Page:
Bridgetown, Barbados, waterfront, wharf, thinking insomniac, vernelle noel

Bridgetown Waterfront, Barbados

This is a sketch of the historic Parliament Buildings on the Bridgetown Wharf in Barbados. The west wing of the House of Assembly building was completed in 1872 and the east wing in 1874. There was a large clock tower in the east wing which had to be demolished in 1884, when its foundations started to sink. In 1886, the two towers of the west wing were remodeled and the clock installed in one of these. Material for the buildings is coral limestone, easily obtainable from Barbados quarries and used extensively in Bridgetown buildings. In the Public Buildings, Gothic-revival style is apparent in the pointed arches, the octagonal tower, and the machicolations on the parapets of both wings. The Gothic windows in the chamber of the Parliament building are paned with stained-glass portraits of the kings and queens of England. “Coolers” added to the exterior fit uncomfortably on the pointed-arch windows.

Reference: Historic Architecture in the Caribbean Islands by Edward E. Crain

My friend and I had lunch at the Waterfront Cafe across from it. We had fish cakes, flying fish, potato wedges, salad, and I can’t remember what else, but it was all delicious!! The service was great too. They had a delicious pepper-sauce. It was like a dipping sauce … it had body and was divine…just divine. I love boats a lot, and while I ate, talked, and laughed, I enjoyed examining them all. I love the Bridgetown Wharf! The water enters the city and one of the things I love most about Barbados is that I felt like I was really on an island. The scale of the buildings, the many views of the sea, waters oh so blue, the Jolly Rogers, people partying on boats. It felt free and wide. After my scrumptious meal and drinks I did this sketch.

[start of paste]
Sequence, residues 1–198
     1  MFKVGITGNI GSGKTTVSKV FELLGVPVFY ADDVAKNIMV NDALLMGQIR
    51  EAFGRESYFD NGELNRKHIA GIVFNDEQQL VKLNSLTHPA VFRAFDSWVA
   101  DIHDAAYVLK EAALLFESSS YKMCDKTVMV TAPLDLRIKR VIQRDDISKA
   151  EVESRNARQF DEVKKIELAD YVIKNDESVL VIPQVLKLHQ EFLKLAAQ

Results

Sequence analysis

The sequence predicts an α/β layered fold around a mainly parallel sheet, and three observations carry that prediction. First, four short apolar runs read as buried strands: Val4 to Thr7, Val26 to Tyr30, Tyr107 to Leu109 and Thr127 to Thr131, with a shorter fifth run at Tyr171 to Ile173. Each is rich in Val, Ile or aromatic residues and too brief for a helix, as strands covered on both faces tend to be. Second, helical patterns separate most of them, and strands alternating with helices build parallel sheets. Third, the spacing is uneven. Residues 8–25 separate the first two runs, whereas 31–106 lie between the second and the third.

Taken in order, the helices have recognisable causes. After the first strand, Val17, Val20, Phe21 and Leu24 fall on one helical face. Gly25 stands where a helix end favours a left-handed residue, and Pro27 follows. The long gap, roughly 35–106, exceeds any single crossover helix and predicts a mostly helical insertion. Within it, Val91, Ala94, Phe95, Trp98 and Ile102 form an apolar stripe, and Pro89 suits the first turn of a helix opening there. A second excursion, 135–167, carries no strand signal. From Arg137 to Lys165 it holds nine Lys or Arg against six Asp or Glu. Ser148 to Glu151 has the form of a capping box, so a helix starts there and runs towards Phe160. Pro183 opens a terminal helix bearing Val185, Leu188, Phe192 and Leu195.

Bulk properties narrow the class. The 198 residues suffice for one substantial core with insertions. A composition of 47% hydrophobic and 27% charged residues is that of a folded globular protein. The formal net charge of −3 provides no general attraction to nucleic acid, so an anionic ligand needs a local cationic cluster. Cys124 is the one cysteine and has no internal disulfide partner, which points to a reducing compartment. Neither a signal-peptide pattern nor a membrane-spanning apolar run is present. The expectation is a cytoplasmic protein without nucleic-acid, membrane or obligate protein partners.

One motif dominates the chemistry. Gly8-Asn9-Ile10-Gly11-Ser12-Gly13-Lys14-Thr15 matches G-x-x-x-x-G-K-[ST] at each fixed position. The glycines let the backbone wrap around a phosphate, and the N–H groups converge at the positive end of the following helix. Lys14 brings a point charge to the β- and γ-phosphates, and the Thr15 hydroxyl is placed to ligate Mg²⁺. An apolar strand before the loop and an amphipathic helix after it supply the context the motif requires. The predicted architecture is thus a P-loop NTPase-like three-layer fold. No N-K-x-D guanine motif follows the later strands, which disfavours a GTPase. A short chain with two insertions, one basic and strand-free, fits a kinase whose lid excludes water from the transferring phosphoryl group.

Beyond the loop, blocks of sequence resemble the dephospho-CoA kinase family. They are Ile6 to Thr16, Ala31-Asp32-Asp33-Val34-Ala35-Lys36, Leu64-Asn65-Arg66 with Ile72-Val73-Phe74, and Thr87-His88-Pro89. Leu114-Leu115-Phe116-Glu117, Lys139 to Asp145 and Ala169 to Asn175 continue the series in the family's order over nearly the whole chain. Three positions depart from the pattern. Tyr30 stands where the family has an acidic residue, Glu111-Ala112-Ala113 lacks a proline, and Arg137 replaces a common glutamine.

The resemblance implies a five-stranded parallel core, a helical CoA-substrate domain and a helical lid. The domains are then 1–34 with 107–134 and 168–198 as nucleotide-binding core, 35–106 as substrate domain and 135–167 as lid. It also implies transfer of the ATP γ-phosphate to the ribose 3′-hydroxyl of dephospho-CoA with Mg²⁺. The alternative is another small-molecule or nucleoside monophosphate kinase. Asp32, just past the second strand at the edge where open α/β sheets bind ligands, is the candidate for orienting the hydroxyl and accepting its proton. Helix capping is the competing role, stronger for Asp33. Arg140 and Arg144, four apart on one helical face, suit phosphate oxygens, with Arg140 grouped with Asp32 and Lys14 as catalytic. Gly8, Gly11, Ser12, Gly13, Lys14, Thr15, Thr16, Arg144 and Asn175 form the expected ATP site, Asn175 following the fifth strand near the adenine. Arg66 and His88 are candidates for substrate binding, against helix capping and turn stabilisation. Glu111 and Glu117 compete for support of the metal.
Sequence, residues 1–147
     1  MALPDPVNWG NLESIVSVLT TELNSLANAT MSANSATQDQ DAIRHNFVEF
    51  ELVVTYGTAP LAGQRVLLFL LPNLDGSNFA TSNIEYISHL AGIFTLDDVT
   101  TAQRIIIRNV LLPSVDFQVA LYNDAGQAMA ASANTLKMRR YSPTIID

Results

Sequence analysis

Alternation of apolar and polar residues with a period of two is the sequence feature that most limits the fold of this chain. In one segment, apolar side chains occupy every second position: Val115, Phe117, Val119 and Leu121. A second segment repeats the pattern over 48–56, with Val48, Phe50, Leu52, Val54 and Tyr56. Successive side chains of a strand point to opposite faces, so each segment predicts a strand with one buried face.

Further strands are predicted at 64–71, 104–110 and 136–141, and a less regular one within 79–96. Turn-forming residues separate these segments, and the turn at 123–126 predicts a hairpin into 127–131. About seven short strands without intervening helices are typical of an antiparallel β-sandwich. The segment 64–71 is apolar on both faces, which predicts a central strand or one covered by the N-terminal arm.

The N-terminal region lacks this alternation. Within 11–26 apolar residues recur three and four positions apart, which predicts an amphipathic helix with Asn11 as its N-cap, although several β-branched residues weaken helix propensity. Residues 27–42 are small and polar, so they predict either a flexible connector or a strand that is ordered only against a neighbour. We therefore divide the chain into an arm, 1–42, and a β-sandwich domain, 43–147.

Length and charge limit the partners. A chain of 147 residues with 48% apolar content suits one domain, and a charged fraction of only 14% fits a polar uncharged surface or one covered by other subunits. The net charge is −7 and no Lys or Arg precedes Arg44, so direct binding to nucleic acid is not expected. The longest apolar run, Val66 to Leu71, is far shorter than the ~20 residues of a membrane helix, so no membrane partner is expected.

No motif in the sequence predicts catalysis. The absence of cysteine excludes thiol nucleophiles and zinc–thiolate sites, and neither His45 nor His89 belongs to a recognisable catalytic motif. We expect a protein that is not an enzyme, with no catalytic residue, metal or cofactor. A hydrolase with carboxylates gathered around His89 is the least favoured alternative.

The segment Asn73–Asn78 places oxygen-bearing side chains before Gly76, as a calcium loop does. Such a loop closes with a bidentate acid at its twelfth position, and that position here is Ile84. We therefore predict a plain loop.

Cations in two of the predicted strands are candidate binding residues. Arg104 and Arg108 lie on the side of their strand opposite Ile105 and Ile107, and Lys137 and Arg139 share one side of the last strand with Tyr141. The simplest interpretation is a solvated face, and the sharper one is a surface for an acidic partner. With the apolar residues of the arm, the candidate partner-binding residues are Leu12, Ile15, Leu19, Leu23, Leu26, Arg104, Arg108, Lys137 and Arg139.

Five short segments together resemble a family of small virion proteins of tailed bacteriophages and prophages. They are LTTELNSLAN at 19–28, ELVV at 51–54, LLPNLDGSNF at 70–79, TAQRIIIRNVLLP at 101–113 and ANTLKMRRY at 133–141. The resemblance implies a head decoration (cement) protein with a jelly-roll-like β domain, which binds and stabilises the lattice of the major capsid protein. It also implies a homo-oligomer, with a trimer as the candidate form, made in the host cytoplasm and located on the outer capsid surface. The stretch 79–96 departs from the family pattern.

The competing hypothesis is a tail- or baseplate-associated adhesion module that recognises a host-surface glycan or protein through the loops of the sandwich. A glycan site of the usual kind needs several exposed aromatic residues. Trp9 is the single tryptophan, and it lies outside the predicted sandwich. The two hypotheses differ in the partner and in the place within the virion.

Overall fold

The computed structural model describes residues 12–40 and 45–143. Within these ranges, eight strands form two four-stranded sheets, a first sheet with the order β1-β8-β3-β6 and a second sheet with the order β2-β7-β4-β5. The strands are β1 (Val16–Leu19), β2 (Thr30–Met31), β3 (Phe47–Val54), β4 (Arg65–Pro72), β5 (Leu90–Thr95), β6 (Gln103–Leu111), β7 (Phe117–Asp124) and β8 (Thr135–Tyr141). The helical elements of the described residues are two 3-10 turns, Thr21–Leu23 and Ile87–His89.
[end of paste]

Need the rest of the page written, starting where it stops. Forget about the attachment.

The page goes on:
History of Bridgetown
Bridgetown is the capital and commercial center and has a population of about 80 000. Bridgetown was originally named “Indian Bridge” for the rude bridge which had been constructed over the river (now known as the Careenage) by the Indians. It was later called the “town of St. Michael” in official documents, before finally being named Bridgetown. The Chamberlain Bridge was opened in 1872 and was a manually operated swing bridge allowing entry into the inner basin of the Careenage. In 2006 the Chamberlain Bridge was replaced with a modern lift bridge. In previous times, the careenage was an important hub of activity for inter-island trading vessels. Nowadays the careenage is mainly utilized by pleasure craft (catamarans, yachts, fishing boats, etc).

Reference: http://www.barbados.org/btown.htm

“We would accomplish many more things if we did not think of them as impossible.”

~C. Malesherbes

Creative Commons License
This work by Vernelle Noel is licensed under a Creative Commons Attribution-NonCommercial-NoDerivs 3.0 Unported License.

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